The last post identified the cost of having a toxic workplace. Leaders who think they might have a difficult or toxic workplace can refer to expert Christine Porath, author of The Cost of Bad Behavior: How Incivility is Damaging Your Business and What to Do About It. Porath suggests that leaders look to themselves first.
This approach intuitively makes sense, yet without a bit more it is hard to know what to do.
Begin by evaluating your own actions.
She goes on to list five questions to ask yourself:
- Do I behave respectfully to all employees?
- Do I treat individuals on whom I rely, or who can do good things for me, better than others?
- Do I keep a steady temper regardless of the pressures I’m facing?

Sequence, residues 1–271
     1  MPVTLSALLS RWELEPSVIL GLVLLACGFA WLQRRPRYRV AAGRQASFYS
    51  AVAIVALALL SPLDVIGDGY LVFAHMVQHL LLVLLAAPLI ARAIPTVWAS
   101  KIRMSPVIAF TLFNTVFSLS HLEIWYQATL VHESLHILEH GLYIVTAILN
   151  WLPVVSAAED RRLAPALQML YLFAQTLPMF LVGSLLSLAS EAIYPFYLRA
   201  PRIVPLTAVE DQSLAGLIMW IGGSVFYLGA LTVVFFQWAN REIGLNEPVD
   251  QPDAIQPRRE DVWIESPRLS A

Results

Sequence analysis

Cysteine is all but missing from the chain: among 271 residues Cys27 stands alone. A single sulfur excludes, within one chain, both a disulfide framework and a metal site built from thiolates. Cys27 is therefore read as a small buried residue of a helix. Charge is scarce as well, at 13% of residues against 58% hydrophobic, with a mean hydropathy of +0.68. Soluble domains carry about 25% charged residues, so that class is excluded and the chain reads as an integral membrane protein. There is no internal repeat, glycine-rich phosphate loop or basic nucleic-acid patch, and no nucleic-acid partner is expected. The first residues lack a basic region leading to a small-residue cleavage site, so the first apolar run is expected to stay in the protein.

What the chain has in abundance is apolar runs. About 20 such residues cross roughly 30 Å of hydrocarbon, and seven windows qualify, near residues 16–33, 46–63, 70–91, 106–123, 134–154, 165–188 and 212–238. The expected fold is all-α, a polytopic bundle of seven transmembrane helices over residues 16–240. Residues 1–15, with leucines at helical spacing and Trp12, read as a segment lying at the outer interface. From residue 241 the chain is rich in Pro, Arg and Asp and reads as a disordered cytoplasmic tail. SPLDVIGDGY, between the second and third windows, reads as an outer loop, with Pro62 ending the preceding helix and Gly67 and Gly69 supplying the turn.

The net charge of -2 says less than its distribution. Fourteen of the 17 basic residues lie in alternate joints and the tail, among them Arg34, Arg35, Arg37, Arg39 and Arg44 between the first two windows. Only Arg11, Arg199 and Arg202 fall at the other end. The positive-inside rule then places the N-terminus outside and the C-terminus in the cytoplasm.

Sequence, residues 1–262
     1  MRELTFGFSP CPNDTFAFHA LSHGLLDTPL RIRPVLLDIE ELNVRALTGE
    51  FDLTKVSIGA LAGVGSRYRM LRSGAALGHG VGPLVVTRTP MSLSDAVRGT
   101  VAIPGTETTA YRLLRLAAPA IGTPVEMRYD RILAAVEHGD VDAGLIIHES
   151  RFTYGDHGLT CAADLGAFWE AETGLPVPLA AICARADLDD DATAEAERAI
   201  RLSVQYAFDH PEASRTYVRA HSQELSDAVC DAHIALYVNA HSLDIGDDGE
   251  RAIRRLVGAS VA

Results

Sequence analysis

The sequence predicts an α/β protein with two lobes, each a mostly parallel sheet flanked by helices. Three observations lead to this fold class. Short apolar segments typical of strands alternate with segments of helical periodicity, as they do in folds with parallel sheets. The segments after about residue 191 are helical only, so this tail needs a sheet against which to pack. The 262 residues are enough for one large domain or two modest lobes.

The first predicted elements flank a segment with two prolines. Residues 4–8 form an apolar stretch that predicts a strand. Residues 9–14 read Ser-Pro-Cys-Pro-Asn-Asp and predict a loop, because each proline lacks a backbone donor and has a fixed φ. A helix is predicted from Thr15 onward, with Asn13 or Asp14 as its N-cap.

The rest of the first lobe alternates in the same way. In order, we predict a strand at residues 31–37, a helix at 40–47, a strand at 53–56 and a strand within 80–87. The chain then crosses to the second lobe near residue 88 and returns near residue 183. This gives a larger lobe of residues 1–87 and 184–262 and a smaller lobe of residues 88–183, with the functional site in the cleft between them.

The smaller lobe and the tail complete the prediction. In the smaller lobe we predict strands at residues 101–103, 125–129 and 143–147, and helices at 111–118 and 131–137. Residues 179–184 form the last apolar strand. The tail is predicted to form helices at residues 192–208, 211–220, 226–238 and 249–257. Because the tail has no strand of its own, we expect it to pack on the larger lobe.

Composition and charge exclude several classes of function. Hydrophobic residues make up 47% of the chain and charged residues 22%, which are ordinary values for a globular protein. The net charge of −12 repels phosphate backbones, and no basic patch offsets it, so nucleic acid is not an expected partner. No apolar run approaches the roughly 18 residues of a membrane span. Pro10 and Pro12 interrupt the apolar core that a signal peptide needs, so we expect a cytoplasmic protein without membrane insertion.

- Do I take out my frustrations on employees who have less power than I do?
- Do I assume that I am omnipotent?
The key to looking in the mirror is to check the image a person sees. We have blind spots about our own behavior. Sources for feedback include peers, and asking for feedback from direct reports. When asking for feedback, you as the leader need to be willing to acknowledge the response. Always thank people for feedback and explain that you would like time to think about how to incorporate the feedback into your work. Once you have applied the feedback you can check back again. This provides an excellent model for candor and civility.
A good resource for the this process is Marshall Goldsmith’s book What Got You Here Won’t Get You There. When we work with organizational leaders it is a book and a process that we utilize to support leadership development.
Seeds of Civility is a blog that is created by The Wallace Centers of Iowa. We cultivate conversations about leading (and developing emerging leaders) with civility.
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